Last updated 20 July 2016
The trial proceeds before the jury in the same way as described above in relation to summary trials, although the existence of a jury to determine facts means that proceedings may progress more formally. In limited circumstances, criminal trials can be conducted before a judge without a jury either on the application of the prosecution (but only if the defendant consents) or on application of the defendant. A number of applications by defendants have been refused.
After the representatives for the Crown and defence have delivered their opening statements, witnesses give their evidence, and at the conclusion of the evidence, final addresses are made by the Crown and the defence. The judge will then explain to the jury the legal elements of the charge under consideration, outline the facts relevant to each element, give directions on the onus of proof and any legal considerations and explain all the possibilities open on the indictment. For example, on an indictment for murder, the accused may be found guilty of manslaughter instead.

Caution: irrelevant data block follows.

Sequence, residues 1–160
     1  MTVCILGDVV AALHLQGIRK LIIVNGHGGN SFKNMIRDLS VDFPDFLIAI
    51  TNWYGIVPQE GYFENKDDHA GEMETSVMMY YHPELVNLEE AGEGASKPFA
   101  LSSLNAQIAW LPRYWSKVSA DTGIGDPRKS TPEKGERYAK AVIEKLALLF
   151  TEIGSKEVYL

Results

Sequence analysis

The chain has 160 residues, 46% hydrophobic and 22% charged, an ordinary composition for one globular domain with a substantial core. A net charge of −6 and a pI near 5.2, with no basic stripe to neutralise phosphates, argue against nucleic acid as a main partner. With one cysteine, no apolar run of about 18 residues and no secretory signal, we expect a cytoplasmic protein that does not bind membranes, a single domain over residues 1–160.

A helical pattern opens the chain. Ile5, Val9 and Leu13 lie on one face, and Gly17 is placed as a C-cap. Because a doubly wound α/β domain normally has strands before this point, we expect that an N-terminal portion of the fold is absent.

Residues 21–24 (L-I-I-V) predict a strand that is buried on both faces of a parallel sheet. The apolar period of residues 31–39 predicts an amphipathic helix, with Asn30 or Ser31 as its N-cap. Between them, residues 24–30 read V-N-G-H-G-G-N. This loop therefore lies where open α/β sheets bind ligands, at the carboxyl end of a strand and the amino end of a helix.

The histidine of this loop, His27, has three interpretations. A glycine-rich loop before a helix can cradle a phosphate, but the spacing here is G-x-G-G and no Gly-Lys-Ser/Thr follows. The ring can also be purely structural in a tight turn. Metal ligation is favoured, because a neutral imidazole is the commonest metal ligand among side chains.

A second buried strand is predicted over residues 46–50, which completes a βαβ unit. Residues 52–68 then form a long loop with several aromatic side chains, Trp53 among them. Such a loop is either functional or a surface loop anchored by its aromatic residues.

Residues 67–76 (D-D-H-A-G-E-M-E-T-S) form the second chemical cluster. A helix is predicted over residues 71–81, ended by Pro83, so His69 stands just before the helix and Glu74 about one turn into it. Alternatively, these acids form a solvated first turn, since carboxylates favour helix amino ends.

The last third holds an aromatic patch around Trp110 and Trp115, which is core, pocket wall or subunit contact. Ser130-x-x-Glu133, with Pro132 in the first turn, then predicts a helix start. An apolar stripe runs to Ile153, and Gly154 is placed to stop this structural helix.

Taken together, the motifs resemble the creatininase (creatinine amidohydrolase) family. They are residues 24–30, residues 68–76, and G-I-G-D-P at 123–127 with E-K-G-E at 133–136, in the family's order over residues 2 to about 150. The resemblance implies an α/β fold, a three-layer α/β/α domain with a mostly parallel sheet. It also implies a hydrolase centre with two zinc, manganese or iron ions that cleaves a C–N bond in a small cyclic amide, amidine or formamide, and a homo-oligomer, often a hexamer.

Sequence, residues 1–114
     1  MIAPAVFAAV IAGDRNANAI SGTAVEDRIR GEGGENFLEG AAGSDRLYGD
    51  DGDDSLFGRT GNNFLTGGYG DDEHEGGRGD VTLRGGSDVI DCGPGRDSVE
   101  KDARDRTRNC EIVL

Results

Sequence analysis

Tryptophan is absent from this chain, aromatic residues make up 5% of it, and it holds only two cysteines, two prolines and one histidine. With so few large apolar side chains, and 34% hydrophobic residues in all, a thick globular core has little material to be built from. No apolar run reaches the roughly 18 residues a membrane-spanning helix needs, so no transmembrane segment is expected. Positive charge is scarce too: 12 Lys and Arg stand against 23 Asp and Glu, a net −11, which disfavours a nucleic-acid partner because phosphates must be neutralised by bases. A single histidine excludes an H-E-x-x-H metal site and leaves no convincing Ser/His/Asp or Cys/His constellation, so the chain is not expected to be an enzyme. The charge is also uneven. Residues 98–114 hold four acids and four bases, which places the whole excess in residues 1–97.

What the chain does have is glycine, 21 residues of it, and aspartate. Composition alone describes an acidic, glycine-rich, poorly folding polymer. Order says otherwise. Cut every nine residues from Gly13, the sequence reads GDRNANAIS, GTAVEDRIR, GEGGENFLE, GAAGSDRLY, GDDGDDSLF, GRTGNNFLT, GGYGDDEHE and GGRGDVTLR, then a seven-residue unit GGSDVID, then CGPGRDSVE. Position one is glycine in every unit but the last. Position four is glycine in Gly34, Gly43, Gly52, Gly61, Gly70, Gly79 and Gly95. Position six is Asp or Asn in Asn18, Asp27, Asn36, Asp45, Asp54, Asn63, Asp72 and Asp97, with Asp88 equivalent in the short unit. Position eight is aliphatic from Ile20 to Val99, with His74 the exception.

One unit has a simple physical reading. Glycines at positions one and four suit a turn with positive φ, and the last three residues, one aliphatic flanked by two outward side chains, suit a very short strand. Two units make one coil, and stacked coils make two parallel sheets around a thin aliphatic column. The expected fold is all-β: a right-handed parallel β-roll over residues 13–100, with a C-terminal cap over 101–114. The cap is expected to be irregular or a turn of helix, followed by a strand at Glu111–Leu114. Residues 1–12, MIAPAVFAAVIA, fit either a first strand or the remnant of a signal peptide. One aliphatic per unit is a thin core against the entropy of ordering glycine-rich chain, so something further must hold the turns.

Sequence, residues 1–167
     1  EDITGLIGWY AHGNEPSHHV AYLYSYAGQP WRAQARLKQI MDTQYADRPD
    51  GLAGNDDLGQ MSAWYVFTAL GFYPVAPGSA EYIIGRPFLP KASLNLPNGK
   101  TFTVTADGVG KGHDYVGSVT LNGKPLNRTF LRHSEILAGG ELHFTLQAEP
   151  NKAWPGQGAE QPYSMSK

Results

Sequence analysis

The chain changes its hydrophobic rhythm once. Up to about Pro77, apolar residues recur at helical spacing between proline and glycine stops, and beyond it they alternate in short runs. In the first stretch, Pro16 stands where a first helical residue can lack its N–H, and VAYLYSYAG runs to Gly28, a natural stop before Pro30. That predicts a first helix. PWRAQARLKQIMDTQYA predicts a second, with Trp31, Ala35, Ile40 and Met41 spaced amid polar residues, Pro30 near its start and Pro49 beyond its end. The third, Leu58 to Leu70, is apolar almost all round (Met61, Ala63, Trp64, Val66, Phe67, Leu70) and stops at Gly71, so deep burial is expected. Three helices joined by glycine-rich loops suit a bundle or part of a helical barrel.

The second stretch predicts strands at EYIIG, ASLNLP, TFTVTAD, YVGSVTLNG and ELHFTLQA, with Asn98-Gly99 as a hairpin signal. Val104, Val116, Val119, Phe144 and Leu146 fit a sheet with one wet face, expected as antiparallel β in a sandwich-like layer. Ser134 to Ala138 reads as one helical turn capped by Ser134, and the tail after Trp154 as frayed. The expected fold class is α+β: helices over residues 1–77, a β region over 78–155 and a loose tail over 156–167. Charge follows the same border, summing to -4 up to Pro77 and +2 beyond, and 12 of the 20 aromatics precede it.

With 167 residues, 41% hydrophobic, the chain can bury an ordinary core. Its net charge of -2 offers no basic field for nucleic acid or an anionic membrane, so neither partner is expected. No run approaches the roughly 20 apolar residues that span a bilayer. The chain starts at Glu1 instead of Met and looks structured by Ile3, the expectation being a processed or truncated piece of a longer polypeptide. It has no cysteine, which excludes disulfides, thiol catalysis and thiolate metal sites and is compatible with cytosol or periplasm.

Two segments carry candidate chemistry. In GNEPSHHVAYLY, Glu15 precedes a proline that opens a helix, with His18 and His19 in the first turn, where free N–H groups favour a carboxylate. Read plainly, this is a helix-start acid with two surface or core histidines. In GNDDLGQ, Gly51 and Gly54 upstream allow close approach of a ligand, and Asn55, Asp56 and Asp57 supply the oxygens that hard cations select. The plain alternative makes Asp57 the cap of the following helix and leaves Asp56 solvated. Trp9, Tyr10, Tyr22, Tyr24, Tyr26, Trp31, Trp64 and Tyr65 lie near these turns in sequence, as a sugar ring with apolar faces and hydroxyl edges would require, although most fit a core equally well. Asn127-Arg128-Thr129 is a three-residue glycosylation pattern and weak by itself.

The jury’s responsibility is to consider the facts of the case and, bearing in mind the judge’s directions on the law, decide whether any offence has been proved beyond reasonable doubt. The judge is entitled to assist the jury to understand the facts revealed by the evidence. However, the members of the jury alone bear responsibility to determine the facts of the matter.
If the jury reaches a verdict, it must be unanimous. If the jury cannot reach a unanimous verdict, then the judge discharges the jury and may order a new trial. There is now provision in Queensland for certain offences, including murder, that if the jury are unable to reach a verdict after a prescribed period of deliberation, a majority verdict of 11 out of 12 jurors (or if the jury consists of 11 jurors a majority of 10) may be given (s 59A Jury Act 1995 (Qld)).